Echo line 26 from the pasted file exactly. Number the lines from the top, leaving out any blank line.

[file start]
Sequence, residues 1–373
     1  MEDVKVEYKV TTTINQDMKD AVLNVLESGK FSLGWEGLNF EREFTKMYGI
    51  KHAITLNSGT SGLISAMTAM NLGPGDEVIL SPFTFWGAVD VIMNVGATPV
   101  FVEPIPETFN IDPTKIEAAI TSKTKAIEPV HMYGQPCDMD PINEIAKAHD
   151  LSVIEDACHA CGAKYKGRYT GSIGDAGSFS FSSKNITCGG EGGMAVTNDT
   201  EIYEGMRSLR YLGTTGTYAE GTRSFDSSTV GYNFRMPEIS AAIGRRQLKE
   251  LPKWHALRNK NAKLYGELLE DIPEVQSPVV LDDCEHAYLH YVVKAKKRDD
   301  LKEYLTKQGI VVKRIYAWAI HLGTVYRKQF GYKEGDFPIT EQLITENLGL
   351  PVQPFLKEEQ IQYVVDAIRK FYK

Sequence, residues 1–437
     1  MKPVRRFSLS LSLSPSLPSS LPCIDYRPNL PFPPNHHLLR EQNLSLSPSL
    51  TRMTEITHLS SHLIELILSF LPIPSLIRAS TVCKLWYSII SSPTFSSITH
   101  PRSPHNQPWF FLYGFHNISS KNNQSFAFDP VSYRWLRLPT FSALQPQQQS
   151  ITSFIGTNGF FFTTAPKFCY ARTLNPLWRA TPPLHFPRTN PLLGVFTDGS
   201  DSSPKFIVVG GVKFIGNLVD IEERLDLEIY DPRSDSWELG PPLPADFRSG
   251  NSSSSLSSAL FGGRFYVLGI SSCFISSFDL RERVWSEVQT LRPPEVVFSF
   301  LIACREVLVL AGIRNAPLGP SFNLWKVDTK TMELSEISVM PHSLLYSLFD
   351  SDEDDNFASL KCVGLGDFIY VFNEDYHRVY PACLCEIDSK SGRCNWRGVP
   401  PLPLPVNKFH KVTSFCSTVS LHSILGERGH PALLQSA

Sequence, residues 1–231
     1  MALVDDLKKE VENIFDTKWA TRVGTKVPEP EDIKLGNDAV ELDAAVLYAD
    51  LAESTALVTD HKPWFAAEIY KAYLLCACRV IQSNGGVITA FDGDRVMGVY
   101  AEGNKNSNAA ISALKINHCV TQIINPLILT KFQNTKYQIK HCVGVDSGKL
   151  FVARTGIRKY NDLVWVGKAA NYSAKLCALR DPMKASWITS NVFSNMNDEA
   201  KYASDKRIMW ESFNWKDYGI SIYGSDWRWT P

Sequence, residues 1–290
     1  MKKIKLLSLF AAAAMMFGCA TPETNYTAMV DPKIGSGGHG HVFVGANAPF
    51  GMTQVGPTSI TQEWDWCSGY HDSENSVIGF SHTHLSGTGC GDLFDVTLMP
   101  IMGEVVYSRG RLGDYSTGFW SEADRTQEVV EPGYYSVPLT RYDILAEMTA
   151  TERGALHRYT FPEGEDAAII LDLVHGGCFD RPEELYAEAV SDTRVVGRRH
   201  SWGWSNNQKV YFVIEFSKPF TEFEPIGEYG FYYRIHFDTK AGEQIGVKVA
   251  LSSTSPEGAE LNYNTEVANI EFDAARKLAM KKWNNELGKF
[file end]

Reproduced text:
Sequence, residues 1–290